The colloquial use of the term ‘wage theft’ has become increasingly popular in the workplace relations landscape. A term first used by unions, ‘wage theft’ is now commonly used to describe a failure to pay workers’ correct wages and entitlements.
The Fair Work Ombudsman (FWO) has been clear in its approach to countering alleged ‘systemic wage theft’ in a number of industries throughout Australia, including the retail, hospitality, agriculture and construction sectors. According to the FWO, the ‘fast food, restaurant and café sector has accounted for more disputes than any other industry during the last six years.’
In February, Coles and Target were the latest in a line of retailers to admit to having underpaid employees. Earlier the same month, the hospitality empire of celebrity chef George Calombaris received a further blow with MADE Establishment Group appointing an administrator and some restaurants and outlets closing their doors immediately. This comes just seven months after MADE Establishment entered into an enforceable undertaking with the FWO relating to identified underpayment issues.
The Attorney General, Christian Porter, has publicly condemned instances of wage theft and has said that he will seek to introduce legislation to criminalise the underpayment of workers. The Attorney-General’s Department has released a discussion paper and commenced public consultation on the operation of the current compliance and enforcement framework relating to the protection of employees’ wages and entitlements.
What is wage theft?
Wage theft is not confined to a particular industry or type of business. However, employers have faced problems applying the full scope of applicable modern award terms in industries where employees work irregular hours, there are an array of classifications set out under complex modern awards, and where there is a tradition of a ‘one-size-fits-all’ flat rate of pay.
Most common underpayments
The most common wages or entitlements that employers incorrectly pay when applying modern awards include the following:
- Minimum rates of pay for ordinary hours;
- Minimum engagement hours, and any broken shifts;
- Casual loading (if the employee is a casual employee);
- Penalty rates and overtime (such as afternoon, evening shifts, Saturday, Sunday and Public Holidays);
- Meal and rest breaks (paid or unpaid);
- Allowances (such as meals, laundry, travel, split shifts, cold work, tools and equipment or special clothing);
- Annual leave loading; and
- Leave (annual, sick leave, public holidays, compassionate leave or family and domestic violence leave).
Employers must take care to pay all relevant rates and entitlements in accordance with an individual’s employment status (full-time, part-time, and casual) and their job classification under the applicable modern award, based on their experience and daily duties.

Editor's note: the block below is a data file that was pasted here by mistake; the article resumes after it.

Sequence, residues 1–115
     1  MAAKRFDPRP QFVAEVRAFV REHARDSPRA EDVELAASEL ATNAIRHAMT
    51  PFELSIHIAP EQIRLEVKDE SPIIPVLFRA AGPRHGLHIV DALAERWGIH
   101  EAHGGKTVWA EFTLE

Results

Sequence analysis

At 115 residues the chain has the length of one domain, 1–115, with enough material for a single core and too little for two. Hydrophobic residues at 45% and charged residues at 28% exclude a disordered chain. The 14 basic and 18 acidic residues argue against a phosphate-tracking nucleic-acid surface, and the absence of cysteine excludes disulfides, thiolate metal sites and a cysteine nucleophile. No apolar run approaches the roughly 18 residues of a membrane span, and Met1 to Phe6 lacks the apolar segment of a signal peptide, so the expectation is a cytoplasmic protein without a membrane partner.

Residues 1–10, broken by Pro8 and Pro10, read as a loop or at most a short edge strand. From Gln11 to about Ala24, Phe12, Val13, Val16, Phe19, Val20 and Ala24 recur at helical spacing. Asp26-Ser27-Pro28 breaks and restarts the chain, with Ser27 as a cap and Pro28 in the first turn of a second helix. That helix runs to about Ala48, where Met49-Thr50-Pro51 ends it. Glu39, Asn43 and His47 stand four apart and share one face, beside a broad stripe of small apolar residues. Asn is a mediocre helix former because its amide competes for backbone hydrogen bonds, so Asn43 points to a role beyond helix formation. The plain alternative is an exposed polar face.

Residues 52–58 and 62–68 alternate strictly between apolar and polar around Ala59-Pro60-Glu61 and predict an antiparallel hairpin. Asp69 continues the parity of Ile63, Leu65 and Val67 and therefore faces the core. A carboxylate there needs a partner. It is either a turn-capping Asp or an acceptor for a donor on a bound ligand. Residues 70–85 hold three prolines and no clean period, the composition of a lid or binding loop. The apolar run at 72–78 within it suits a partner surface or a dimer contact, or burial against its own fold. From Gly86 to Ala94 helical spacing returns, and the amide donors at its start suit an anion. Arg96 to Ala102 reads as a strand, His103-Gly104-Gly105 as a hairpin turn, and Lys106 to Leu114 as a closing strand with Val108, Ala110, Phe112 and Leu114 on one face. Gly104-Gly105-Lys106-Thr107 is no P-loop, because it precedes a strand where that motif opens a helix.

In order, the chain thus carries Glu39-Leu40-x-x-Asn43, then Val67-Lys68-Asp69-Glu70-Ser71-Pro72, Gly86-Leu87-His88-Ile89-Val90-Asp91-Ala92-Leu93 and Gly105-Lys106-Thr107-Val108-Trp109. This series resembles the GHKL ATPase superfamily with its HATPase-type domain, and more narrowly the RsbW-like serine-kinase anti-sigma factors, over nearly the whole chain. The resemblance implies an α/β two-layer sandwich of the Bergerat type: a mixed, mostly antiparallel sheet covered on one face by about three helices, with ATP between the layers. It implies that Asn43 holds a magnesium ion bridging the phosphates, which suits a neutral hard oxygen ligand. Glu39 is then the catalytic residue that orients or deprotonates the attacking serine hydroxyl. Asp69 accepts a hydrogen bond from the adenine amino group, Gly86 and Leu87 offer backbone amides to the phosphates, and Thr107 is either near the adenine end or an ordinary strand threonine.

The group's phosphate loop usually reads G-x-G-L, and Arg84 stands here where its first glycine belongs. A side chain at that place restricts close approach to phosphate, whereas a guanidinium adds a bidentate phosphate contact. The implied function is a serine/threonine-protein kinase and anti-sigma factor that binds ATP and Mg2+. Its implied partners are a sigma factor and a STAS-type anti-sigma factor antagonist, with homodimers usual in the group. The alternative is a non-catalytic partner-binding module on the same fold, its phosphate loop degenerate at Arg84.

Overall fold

Additionally, a number of record keeping obligations exist under the Fair Work Act 2009 (Cth) (FW Act) and a failure to adhere to the record keeping obligations can make it harder for an employer to demonstrate that they have paid their employees correctly and lead to further penalties. As well as keeping general employment records with respect to employees’ start date, employers must keep sufficient records concerning pay records (rate of pay and details of loading and penalty rates), hours of work records, leave records, superannuation contribution records and termination records.
Pay slips must be issued to each employee within one working day of payday (even if the employee is on leave) and in electronic or hard copy form and employee records must be kept for seven years.
It is critical for employers to undertake payroll audits and reconciliations and ensure that supervisors and managers receive training on the terms of applicable modern awards.
If at any time an employer identifies that an employee has been underpaid (or there has been a shortfall), this must be paid back to the employee within fourteen days. All back payments must be recorded in the employee’s pay records.
FWO action and sanctions
As well as seeking full rectification for underpayments, the FWO regularly seeks superannuation and interest from employers on behalf of current and former employees. Serious contraventions can also lead to large penalties, together with possible bankruptcy for directors and voluntary administration.
In 2018-2019, the FWO reclaimed $40.2 million for around 18,000 workers who were underpaid their wages, but for some employers back paying employees may not be the only consequence of non-compliance.
As the term suggests, ‘wage theft’ is a form of unlawful activity. Failure to comply with obligations under the FW Act including compliance with a term of a modern award will amount to a breach of a modern award and may attract civil penalties under the FW Act. Currently, the maximum penalty for a breach of the civil remedy provisions is $63,000 for a corporation and $12,600 for an individual, and for serious contraventions, $630,000 for a corporation and $126,000 for an individual.
This publication covers legal and technical issues in a general way. It is not designed to express opinions on specific cases. It is intended for information purposes only and should not be regarded as legal advice. Further advice should be obtained before taking action on any issue dealt with in this publication.
Source: McCullough Robertson Lawyers